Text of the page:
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Deer rutting season at Wyre Forest

Updated 23rd September 2020

Autumn is a special time to visit the forest. The leaves are changing colour and the nights are drawing in. So much fun can be had splashing in puddles, spotting the autumn colours and warming up with a hot chocolate.

Autumn is also a special time for wildlife and for the fallow deer in Wyre Forest it means that rutting season is here.

What is rutting season?

Rutting season takes place in late September and October and sees rival males battle for the right to mate with the females.

Prior to and during the rut, you may see male deer (bucks) groaning, walking parallel to each other and even fighting. It can be quite a sight, but it can also be dangerous as the bucks are full of testosterone. The normally peaceful forest is turned into a battlefield as each male tries to show his dominance.

What does it mean for visitors?

This is a very sensitive time for the deer and it is important that this natural behaviour is not disturbed. We are asking people to stay out of small areas of Wyre Forest from 18 September – 31 October to give the deer population some space. These areas have been identified by our Wildlife ranger and signage displayed to advise visitors that they should not continue further.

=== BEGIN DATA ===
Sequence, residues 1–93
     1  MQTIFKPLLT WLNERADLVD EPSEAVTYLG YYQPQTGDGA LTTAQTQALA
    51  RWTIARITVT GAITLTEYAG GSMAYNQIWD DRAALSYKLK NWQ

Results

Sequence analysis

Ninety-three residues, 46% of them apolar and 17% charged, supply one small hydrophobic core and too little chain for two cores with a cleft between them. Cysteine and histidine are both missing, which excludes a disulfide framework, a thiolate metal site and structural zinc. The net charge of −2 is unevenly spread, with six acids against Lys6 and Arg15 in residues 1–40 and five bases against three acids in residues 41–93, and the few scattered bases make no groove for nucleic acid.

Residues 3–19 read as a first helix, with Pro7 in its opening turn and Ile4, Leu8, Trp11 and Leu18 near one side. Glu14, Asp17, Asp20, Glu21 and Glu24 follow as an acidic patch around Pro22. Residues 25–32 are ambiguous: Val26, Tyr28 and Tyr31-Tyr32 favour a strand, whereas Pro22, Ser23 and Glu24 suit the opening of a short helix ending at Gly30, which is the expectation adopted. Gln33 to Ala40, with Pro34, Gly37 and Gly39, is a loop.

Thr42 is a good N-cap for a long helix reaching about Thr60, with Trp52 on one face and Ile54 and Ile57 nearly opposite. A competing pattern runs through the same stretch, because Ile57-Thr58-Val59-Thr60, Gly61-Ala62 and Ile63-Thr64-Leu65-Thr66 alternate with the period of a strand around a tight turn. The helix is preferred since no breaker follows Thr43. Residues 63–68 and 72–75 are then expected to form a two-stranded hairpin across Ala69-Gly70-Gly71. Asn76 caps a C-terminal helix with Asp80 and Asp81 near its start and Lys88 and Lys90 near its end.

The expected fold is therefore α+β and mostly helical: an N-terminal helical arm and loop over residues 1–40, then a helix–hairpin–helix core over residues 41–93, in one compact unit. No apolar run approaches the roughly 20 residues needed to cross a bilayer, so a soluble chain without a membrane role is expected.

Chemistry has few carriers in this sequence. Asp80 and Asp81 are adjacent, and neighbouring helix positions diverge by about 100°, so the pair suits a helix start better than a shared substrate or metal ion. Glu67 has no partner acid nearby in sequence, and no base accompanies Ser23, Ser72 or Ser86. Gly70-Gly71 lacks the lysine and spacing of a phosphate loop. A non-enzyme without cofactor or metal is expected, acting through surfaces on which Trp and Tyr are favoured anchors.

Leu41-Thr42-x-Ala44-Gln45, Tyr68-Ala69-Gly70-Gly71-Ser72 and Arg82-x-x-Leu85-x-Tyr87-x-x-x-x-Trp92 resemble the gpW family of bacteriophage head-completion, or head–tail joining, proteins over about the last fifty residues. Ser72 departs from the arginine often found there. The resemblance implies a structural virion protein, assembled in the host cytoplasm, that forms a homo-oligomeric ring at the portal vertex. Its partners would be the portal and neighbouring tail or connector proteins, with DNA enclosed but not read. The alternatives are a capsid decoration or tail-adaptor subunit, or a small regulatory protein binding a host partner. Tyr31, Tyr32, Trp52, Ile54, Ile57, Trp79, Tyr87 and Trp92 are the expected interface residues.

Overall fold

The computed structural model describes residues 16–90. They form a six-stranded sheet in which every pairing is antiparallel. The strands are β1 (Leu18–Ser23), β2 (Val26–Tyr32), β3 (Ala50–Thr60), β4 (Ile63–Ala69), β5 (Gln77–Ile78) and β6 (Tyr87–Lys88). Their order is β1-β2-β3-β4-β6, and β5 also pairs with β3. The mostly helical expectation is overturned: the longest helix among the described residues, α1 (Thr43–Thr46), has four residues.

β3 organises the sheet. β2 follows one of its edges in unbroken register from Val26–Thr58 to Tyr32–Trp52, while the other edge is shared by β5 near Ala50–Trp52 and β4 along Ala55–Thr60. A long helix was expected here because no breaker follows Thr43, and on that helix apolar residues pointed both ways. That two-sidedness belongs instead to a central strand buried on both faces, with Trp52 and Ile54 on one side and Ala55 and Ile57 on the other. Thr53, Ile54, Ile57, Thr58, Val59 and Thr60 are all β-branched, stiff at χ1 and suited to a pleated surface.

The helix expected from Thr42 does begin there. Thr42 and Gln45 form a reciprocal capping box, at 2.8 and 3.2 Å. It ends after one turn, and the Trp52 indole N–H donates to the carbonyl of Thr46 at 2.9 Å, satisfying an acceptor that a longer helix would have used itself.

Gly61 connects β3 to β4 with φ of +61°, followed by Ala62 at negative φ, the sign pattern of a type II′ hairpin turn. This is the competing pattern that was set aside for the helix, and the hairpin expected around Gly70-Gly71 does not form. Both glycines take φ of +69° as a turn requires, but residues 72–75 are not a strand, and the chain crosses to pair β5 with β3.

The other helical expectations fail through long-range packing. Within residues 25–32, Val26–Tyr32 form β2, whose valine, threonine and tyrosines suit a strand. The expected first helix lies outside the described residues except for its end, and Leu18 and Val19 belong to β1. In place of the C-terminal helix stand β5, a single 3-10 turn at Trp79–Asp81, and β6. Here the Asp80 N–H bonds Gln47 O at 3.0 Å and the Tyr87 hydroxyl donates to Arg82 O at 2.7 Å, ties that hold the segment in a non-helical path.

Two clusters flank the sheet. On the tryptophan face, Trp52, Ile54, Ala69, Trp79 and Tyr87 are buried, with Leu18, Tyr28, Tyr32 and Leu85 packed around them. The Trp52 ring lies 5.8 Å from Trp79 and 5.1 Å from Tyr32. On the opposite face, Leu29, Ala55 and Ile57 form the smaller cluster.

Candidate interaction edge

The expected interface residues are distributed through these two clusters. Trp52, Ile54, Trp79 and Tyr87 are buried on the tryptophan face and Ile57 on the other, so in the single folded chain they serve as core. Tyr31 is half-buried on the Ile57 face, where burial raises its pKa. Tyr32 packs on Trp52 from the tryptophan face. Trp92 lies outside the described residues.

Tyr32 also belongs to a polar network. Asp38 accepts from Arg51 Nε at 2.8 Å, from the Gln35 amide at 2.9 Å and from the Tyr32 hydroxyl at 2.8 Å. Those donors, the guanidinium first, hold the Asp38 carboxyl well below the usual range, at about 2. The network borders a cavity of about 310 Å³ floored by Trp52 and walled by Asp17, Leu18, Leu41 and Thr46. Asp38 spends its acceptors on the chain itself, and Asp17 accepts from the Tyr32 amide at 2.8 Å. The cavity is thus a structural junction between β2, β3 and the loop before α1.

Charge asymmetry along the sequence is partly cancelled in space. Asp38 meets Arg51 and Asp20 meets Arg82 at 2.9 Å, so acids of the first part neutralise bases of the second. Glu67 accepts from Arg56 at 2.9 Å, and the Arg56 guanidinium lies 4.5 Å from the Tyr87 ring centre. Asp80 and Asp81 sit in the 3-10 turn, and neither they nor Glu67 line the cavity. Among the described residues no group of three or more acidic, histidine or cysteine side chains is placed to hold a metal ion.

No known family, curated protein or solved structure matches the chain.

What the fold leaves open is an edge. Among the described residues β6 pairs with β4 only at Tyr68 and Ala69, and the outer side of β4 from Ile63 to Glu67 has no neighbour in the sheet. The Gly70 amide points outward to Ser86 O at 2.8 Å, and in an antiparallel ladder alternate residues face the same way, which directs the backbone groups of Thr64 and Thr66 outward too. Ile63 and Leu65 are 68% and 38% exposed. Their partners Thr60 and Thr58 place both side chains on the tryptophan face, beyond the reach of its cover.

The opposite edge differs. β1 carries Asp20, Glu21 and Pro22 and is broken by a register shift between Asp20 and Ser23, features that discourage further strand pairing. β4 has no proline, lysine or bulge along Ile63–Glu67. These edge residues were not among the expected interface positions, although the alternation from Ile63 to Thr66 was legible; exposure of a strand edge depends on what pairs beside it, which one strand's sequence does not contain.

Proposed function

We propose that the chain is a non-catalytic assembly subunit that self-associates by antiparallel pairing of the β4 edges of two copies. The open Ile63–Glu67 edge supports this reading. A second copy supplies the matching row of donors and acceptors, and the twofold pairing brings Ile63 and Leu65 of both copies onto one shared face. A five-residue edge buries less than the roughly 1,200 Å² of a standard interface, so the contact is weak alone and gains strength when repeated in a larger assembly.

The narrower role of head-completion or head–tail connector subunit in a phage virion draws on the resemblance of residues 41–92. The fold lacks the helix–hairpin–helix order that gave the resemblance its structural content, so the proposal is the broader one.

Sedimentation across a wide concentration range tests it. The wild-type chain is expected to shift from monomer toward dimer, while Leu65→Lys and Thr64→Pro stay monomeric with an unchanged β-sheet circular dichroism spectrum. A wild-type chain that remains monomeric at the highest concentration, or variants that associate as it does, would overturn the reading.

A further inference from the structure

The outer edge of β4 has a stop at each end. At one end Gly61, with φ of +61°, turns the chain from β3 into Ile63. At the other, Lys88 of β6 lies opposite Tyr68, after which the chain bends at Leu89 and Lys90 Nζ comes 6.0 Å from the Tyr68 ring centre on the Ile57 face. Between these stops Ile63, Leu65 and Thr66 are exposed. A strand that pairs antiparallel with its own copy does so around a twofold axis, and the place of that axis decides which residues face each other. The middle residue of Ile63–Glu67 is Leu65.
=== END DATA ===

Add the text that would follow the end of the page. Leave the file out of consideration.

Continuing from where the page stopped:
Please follow all signs you see in the forest and make sure you stick to the paths. If you do come across any deer, keep your distance and ensure your dogs are under close control.

Be deer aware on the roads

Deer are more active during mating season and traffic collisions involving deer are more common around this time. Please drive with caution on the roads around the forest, particularly in the early mornings and evenings.

If you hit a deer or see one injured on the road, do not approach it. Park your car in a safe place and call the police.

Road safety tips

  • Take note of deer warning signs and drive with caution
  • Seen one? Look for another - more deer may cross after the first one
  • Use your lights – Full-beam headlights will illuminate the eyes of deer on or near a roadway. But, when a deer is seen on the road, dim your headlights. Animals startled by the beam may ‘freeze’ rather than leaving the road.
  • Don't over-swerve to avoid hitting a deer - If a collision with the animal seems inevitable, then hit it while maintaining full control of your car. The alternative of swerving into oncoming traffic or off the road could be even worse.

For more information, visit the Deer Aware website